Study Reveals Strongest Predictors of Menhaden Growth in the Gulf of Mexico and Atlantic

Menhaden being fished in the Gulf of Mexico. Photo Credit: Louisiana Sea Grant

New research suggests that large-scale environmental factors influence the size of one of the ocean’s most abundant forage species. Recently, scientists from Louisiana State University (LSU), National Oceanic and Atmospheric Administration (NOAA), the University of Southern Mississippi and the University of Maryland Center for Environmental Science evaluated large-scale ecosystem dynamics influencing growth of menhaden in the Gulf of Mexico and the Atlantic Ocean. They found that anthropogenic influences affected menhaden in the Atlantic more than in the Gulf, where environmental factors were the more dominant predictors of growth.

Menhaden are used primarily for the production of fishmeal and fish oil, and small quantities are used for bait. According to NOAA’s 2018 Fisheries of the United States report, menhaden ranked number two by volume, after Alaska pollock, on the list of major U.S. domestic species “landed,” or caught and brought to port. More than 1.5 billion pounds of menhaden were landed in that year. Menhaden ranked number 10 by value of the landings, totaling more than $160 million. In addition to their commercial value, menhaden are critically important components of their food webs.

According to Steve Midway, lead author and assistant professor in LSU’s Department of Oceanography & Coastal Sciences, “They’re sort of the classic forage species–meaning they provide a really important link in marine food webs. They are not exerting any kind of population pressure on any other fish species because they’re not eating any other fish species. But, other fish species eat them. So, they support the higher levels of the food web and ecosystem.”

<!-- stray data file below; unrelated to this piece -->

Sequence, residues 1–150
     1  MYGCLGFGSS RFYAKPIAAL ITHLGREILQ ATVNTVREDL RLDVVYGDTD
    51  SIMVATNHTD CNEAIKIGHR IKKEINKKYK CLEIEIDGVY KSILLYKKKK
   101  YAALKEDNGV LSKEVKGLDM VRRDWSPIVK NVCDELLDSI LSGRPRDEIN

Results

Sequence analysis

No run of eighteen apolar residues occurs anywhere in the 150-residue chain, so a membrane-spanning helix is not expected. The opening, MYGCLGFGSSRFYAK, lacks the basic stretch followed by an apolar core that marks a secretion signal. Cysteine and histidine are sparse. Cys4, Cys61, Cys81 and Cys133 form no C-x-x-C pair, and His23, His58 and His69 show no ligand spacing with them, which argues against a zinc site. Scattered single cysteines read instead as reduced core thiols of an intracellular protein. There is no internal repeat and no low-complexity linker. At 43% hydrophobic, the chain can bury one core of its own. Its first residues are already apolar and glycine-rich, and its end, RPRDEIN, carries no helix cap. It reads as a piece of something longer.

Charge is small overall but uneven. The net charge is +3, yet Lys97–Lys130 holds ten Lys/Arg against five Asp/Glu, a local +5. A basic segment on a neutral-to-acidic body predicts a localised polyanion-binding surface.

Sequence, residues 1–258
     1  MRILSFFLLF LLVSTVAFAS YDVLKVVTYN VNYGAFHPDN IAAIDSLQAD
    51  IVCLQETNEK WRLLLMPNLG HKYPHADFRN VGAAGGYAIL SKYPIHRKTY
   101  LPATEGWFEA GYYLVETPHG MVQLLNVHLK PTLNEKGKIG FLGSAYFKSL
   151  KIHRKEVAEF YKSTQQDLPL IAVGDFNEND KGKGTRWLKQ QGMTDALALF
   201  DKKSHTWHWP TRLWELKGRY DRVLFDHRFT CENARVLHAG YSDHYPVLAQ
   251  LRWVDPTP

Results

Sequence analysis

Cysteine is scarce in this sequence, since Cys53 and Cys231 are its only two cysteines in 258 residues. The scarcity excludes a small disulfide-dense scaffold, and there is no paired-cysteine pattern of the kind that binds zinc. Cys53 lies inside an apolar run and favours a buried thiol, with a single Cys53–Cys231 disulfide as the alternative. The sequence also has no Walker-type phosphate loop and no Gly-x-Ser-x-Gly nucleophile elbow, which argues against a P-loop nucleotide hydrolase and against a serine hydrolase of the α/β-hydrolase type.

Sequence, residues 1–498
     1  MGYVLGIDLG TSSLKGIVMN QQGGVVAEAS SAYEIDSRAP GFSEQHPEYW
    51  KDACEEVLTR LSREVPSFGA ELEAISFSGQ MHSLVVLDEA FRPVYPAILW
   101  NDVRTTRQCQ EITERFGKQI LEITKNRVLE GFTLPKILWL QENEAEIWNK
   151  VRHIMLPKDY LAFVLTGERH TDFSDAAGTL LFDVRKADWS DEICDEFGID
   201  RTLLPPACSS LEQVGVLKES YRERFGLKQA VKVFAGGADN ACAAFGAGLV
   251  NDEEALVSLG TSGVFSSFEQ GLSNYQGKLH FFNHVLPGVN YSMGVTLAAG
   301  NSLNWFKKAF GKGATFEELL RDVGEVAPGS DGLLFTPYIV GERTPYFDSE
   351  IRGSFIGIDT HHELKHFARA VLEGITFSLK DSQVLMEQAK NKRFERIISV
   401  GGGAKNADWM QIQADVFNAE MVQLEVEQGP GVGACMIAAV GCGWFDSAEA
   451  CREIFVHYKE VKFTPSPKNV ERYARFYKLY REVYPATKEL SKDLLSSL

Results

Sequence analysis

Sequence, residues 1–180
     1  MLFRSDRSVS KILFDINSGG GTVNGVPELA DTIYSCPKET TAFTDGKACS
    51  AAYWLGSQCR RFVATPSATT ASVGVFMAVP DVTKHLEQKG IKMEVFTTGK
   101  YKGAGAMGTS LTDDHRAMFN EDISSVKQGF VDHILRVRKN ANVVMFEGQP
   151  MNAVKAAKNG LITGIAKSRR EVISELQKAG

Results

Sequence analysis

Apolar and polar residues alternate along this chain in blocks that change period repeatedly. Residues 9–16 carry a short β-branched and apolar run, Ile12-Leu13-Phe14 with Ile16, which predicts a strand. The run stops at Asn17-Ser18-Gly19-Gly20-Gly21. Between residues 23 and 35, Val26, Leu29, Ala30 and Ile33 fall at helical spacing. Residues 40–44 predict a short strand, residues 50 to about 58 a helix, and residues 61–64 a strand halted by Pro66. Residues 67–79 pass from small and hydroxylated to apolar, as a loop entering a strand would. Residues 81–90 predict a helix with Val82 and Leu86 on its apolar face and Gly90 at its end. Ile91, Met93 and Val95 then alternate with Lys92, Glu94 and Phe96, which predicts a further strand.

The scientists evaluated the coast-wide annual growth of Atlantic menhaden (Brevoortia tyrannus) and Gulf menhaden (Brevoortia patronus) during the past 50-60 years. They found that, in the Atlantic, fishing pressure was the primary influence on the length-at-age (used to determine how rapidly a fish grows in a given period) at the time of harvest. By contrast, Gulf menhaden growth was influenced primarily by environmental conditions: a combination of wind and the Atlantic Multi-Decadal Oscillation, or AMO–a climate cycle that affects the sea surface temperature.

In the Atlantic, they found that easterly winds correlated positively with menhaden growth in the northern portion of the East Coast; however, while wind and AMO significantly influenced menhaden growth, the primary influence was fishing pressure. The more menhaden that were landed, the more likely they were to grow larger and faster. From this data, the scientists hypothesize that the population reduction caused by commercial fishing may reduce competition among menhaden and allow individual fishes to have access to more resources that would allow them to grow larger at a faster rate.

In the Gulf, the researchers found that northerly winds reduced the growth of menhaden. They think the reason for this may be that the northerly winds interacted with freshwater from the Mississippi and Atchafalaya Rivers and displaced that water further offshore, negatively affecting the saltwater-preferring menhaden.

Currently, these environmental factors are not taken into account when determining fisheries assessment outcomes, according to Amy Schueller, co-author of the paper and research fish biologist in NOAA’s Southeast Fisheries Science Center; however, this research could be used as predictive tool by fisheries management agencies to forecast menhaden growth each season and determine management strategies in the future.

“[T]his study allowed us to get a better handle on the way the menhaden population responds to landings vs environmental conditions which should feed into managers’ thinking about how much effect their regulations can have on these stocks and how these stocks might respond,” said Geneviève Nesslage, co-author and assistant research professor at the University of Maryland Center for Environmental Science.

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